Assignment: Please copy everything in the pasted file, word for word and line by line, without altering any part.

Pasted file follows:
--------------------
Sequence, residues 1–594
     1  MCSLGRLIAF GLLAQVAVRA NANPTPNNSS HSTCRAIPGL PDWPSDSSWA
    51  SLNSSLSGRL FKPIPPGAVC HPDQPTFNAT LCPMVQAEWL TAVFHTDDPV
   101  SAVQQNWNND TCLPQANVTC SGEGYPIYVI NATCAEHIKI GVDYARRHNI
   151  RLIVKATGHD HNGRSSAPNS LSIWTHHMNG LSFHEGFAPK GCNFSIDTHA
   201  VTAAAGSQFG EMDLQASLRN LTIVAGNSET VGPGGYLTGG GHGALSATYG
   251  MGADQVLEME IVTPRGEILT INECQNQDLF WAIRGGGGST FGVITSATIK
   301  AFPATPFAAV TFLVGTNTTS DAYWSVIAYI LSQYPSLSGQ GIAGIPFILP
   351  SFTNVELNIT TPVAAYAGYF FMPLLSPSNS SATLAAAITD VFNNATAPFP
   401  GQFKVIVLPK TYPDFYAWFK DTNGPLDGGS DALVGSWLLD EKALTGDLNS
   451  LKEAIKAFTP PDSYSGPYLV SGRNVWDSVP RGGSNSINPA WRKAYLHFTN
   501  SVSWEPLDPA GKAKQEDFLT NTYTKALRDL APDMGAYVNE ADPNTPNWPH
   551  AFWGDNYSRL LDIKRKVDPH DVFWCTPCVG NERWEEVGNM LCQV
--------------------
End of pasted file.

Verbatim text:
Sequence, residues 1–594
     1  MCSLGRLIAF GLLAQVAVRA NANPTPNNSS HSTCRAIPGL PDWPSDSSWA
    51  SLNSSLSGRL FKPIPPGAVC HPDQPTFNAT LCPMVQAEWL TAVFHTDDPV
   101  SAVQQNWNND TCLPQANVTC SGEGYPIYVI NATCAEHIKI GVDYARRHNI
   151  RLIVKATGHD HNGRSSAPNS LSIWTHHMNG LSFHEGFAPK GCNFSIDTHA
   201  VTAAAGSQFG EMDLQASLRN LTIVAGNSET VGPGGYLTGG GHGALSATYG
   251  MGADQVLEME IVTPRGEILT INECQNQDLF WAIRGGGGST FGVITSATIK
   301  AFPATPFAAV TFLVGTNTTS DAYWSVIAYI LSQYPSLSGQ GIAGIPFILP
   351  SFTNVELNIT TPVAAYAGYF FMPLLSPSNS SATLAAAITD VFNNATAPFP
   401  GQFKVIVLPK TYPDFYAWFK DTNGPLDGGS DALVGSWLLD EKALTGDLNS
   451  LKEAIKAFTP PDSYSGPYLV SGRNVWDSVP RGGSNSINPA WRKAYLHFTN
   501  SVSWEPLDPA GKAKQEDFLT NTYTKALRDL APDMGAYVNE ADPNTPNWPH
   551  AFWGDNYSRL LDIKRKVDPH DVFWCTPCVG NERWEEVGNM LCQV